• Cantwell v. Connecticut (Signifigance and Impact on Public Policy)

    The decision of the case made it illegal for states to impose "special requirements", such as permits, on things involving religon. Also, sharing unfriendly information to a certain group is not neccisarily posing a threat on the public. The decision set the precedent for states on law making involving religion and also help solidify the implimention of incorporation of religous freedom in all states not to mention maintaining the supremecy clause.
  • Cox v. New Hampshire (Facts of Case)

    In this case, a number of Jehovas witnesses were arrested for having a parade in the streets without a permit. They walked along the sidewalks with leaflets, posters, and announcements of a meeting later that night. They believed it was legal under their 14 ammendment right to freedom of worship and assembly.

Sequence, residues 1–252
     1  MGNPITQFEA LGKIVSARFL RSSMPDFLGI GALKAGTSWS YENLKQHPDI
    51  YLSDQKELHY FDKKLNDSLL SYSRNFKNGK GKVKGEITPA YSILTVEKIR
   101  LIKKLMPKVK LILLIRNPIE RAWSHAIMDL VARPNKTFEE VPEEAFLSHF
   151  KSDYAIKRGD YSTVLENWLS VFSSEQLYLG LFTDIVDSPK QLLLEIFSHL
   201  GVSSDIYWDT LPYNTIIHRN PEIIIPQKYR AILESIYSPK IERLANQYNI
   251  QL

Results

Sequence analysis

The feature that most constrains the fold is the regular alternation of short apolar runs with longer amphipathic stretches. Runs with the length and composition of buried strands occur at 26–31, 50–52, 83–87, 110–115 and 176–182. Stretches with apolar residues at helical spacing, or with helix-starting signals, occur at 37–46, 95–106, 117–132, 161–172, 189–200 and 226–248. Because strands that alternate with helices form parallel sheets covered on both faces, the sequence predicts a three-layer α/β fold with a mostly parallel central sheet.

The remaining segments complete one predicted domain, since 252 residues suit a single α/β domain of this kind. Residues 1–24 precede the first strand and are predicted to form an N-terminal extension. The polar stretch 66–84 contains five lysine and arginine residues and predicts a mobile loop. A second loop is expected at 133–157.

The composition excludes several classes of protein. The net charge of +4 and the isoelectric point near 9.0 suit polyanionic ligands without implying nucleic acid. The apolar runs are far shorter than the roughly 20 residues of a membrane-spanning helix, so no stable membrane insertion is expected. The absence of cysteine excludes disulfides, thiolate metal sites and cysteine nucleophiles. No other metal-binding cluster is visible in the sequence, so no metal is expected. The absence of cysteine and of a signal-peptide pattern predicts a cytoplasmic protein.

• Cox v. New Hampshire (Signifigance and Impact)

    The case gave more rights to states by allowing them to impose permits for public property under relgious circumstances. The liscense is for public benifit and is constitutional.
  • Cox v. New Hampshire (Ruling)

    The court upheld their conviction because the states have the power to regulate public space, which they were using. Also, in order to maintain saftey on the streets, the states should have known about the parade before hand to prevent any breach of peace.
  • Murdock v. Pennsylvania (Ruling)

    The court decided that instating a tax on relgious items was illegal because it violated the right freedom of religous expression under the first ammendment. They also stated, that if the act had been done to make money then it would be considered commerical and taxable. One can be taxed for the income of their preaching, not the preaching itself.
  • Murdock v. Pennsylvania (Signifigance and Impact)